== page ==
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Tilting at Windmills

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August 9, 2010

RAND PAUL AND HIS AQUA BUDDHA.... As a rule, adult political candidates shouldn't have to endure too much scrutiny about their college-age activities. We've all had "youthful indiscretions" that we wouldn't want held against us.

But I can't help but notice that Rand Paul, the extremist Republican Senate candidate in Kentucky, really is a strange guy.

The strangest episode of Paul's time at Baylor occurred one afternoon in 1983 (although memories about all of these events are understandably a bit hazy, so the date might be slightly off), when he and a NoZe brother paid a visit to a female student who was one of Paul's teammates on the Baylor swim team. According to this woman, who requested anonymity because of her current job as a clinical psychologist, "He and Randy came to my house, they knocked on my door, and then they blindfolded me, tied me up, and put me in their car. They took me to their apartment and tried to force me to take bong hits. They'd been smoking pot."

After the woman refused to smoke with them, Paul and his friend put her back in their car and drove to the countryside outside of Waco, where they stopped near a creek. "They told me their god was 'Aqua Buddha' and that I needed to bow down and worship him," the woman recalls. "They blindfolded me and made me bow down to 'Aqua Buddha' in the creek. I had to say, 'I worship you Aqua Buddha, I worship you.' At Baylor, there were people actively going around trying to save you and we had to go to chapel, so worshiping idols was a big no-no."

A lot of folks had some rowdy experiences in college, but I suspect the number of Senate candidates who kidnapped a fellow student, forced her into some bizarre ritual, and worshiped the "Aqua Buddha" is fairly low.

This is, by the way, the same Baylor University that Paul didn't graduate from, despite some suggestions to the contrary.

In the grand scheme of things, Paul's radical ideology -- he's the one who opposes the Civil Rights Act of 1964 and the Fair Housing Act -- is far more relevant than his ridiculous behavior in college. But given the right-wing ophthalmologist's razor thin public record -- he's never sought or held public office at any level -- incidents like these help flesh out a better understanding of Rand Paul's background.

And as we're learning, Paul is a weird dude.

Steve Benen 1:25 PM Permalink | Trackbacks | Comments (46)

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"When I was young and irresponsible, I was young and irresponsible."

Posted by: Ralph Kramden on August 9, 2010 at 1:31 PM | PERMALINK

Just watched Gov Ed Rendell on TV talking about these new repub candidates, his remark was 'they're all whacky - where did these guys come from'
My fear - they may be elected by the whacky repub electorate - and govern us!!!

Posted by: js on August 9, 2010 at 1:33 PM | PERMALINK

I did much weirder things in high school and college, though none of my antics involved a bong. Rand Paul's constituency would need to be VERY traditional-minded for this anecdote to shake their support for him. Its an interesting story, though.

Posted by: troglodyte on August 9, 2010 at 1:38 PM | PERMALINK

Let's see if this did or does make it into Drudge, considering his pimping for the teapotty.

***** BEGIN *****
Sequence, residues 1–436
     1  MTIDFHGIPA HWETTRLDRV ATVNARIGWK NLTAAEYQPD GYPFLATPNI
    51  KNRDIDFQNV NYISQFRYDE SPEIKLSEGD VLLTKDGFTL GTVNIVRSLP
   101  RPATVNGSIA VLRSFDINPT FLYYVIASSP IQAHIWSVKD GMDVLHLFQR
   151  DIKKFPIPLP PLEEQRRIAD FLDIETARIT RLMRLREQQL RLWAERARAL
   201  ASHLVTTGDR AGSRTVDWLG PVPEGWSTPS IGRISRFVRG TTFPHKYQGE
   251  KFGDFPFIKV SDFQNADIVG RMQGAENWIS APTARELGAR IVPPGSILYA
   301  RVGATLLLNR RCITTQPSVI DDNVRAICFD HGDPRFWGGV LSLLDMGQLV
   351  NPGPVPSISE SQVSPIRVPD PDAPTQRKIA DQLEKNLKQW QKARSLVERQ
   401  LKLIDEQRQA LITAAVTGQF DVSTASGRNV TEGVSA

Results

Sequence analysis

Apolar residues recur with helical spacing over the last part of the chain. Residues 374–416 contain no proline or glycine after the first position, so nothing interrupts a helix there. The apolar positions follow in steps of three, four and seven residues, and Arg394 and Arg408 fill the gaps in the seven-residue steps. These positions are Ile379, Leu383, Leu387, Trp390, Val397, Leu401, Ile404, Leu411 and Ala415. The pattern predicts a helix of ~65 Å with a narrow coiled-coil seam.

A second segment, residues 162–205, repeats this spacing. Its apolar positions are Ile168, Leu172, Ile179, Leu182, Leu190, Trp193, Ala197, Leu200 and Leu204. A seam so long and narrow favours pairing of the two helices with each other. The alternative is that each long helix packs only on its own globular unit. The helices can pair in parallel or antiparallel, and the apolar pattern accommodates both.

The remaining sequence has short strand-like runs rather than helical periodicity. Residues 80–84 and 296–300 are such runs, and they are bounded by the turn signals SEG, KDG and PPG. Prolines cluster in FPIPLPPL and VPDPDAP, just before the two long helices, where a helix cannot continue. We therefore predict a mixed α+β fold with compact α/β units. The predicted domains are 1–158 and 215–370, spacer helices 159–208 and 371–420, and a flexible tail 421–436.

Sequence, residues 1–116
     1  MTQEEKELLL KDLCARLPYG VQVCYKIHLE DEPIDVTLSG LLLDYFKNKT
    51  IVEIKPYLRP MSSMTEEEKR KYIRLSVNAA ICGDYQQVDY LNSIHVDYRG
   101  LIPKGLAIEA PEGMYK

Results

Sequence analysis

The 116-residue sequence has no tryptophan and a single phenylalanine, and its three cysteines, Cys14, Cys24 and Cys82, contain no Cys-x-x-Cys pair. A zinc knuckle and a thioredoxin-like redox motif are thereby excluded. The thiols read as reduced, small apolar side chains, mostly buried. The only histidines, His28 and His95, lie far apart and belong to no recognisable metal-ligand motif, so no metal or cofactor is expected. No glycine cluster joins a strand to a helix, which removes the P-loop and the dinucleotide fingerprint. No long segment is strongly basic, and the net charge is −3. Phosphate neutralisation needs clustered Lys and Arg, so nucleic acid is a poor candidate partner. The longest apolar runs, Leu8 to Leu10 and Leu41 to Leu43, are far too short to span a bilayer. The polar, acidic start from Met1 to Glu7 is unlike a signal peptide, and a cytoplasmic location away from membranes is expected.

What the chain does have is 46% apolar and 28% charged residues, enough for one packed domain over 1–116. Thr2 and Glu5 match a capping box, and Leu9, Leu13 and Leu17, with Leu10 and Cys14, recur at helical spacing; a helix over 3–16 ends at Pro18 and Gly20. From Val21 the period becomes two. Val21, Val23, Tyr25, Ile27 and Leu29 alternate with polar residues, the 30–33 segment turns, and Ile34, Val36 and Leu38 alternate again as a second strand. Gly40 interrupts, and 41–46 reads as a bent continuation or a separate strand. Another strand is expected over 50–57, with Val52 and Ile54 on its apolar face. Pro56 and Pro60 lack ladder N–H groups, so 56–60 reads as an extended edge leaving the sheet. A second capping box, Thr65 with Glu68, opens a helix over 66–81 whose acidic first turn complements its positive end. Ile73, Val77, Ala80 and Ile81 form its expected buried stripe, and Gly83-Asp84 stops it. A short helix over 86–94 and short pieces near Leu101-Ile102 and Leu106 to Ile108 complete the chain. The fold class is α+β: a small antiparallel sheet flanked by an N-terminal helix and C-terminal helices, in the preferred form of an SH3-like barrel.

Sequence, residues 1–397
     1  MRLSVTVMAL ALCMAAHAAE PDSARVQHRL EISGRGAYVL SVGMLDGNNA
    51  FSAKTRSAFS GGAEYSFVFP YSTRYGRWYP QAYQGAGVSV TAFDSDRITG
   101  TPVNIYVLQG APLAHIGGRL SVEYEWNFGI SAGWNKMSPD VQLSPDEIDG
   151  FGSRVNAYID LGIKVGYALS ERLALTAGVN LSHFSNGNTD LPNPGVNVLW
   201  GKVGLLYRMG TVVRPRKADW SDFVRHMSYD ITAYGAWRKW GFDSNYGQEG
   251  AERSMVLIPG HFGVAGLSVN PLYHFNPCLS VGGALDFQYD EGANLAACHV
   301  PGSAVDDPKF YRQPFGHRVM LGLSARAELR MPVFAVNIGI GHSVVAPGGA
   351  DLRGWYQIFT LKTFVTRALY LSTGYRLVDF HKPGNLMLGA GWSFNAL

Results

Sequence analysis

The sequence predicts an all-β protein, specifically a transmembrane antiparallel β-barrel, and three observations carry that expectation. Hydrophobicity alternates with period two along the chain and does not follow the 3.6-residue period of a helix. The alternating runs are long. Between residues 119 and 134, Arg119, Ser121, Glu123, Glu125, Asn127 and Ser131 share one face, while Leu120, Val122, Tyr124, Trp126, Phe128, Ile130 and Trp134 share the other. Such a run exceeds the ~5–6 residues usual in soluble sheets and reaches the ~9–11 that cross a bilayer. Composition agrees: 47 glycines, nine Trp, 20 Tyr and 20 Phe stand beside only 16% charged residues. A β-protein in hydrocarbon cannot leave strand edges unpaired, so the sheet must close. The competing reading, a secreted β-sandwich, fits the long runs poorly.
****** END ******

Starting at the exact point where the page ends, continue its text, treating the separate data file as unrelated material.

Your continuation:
Posted by: n e i l b on August 9, 2010 at 1:54 PM | PERMALINK

I'll bet that Flying Spaghetti Monster can kick Aqua Buddha's ass any day of the week.

Just sayin'...

Posted by: Ranger Jay on August 9, 2010 at 1:55 PM | PERMALINK

"At Baylor, there were people actively going around trying to save you and we had to go to chapel, so worshiping idols was a big no-no."

So, if he had been doing "Bong Hits for Jesus," Baylor would have been cool with that?

Posted by: Mustang Bobby on August 9, 2010 at 1:56 PM | PERMALINK

"Aqua Buddha," wasn't that an aftershave favored by followers of Zen?

Posted by: c u n d gulag on August 9, 2010 at 1:56 PM | PERMALINK

BTW, for "Aqua Buddha" on Google:
about 555,000 results (0.29 seconds)
That's impressive, so fast!
(Actually, not all about Rand Paul but still ....)

Posted by: neil b on August 9, 2010 at 1:57 PM | PERMALINK

that he smoked enough pot to worship Aqua man makes him a more appealing candidate. Seriously, who cares? Its a little weird, she didn' think it was a "kidnapping" at the time (enough to call the cops, anyway), so let it go.

Posted by: do on August 9, 2010 at 1:58 PM | PERMALINK

Libertarian in Utopialand

Bong hits and Ayn Rand novels...
Lord have mercy...

Posted by: koreyel on August 9, 2010 at 2:00 PM | PERMALINK

I am floored that kidnapping a person and obviously frightening her and forcing her to do something against her will is actually being treated as some light hearted boys will be boys jest. It is a brutal and mean-spirited action, and is very telling.

Posted by: Carol on August 9, 2010 at 2:03 PM | PERMALINK

Carol is right. This was technically kidnapping and scary to this girl, even if "not serious" in terms of ultimate purpose etc. It's a major character flaw and game for being a big (new!) question mark over whether this guy Rand is fit for office (not that he is anyway ...)

Posted by: neil b. on August 9, 2010 at 2:07 PM | PERMALINK

I am floored that kidnapping a person and obviously frightening her and forcing her to do something against her will is actually being treated as some light hearted boys will be boys jest.

I'm with you. Bong hits are misdemeanors, but kidnapping? That's a felony.

Posted by: dob on August 9, 2010 at 2:08 PM | PERMALINK

(BTW - before we jump on RP too hard yet, how viable is this story?)

Posted by: neil b . on August 9, 2010 at 2:09 PM | PERMALINK

This was technically kidnapping

There's no technically about it.

Posted by: dob on August 9, 2010 at 2:10 PM | PERMALINK

In my circle of friends, Ohio State c. late 70s, that was a normal weekend - except the abduction would have been pre-approved (no innocent civilians).

My frosh year I was assigned to a dorm floor in Park Hall that housed much of the male swim team. I could not keep up with the weirdness, but it was entertaining.

Posted by: Keith G on August 9, 2010 at 2:11 PM | PERMALINK

Rand fans don't need

to repent

for them to reach

enlightenment!

Aqua Buddha

Posted by: Ralph Kramden on August 9, 2010 at 2:14 PM | PERMALINK

As they say, libertarians are Republicans who smoke pot. I didn't realize that included forcing others to smoke it, too. But I guess that fits with their "my way or the highway" attitude towards freedom.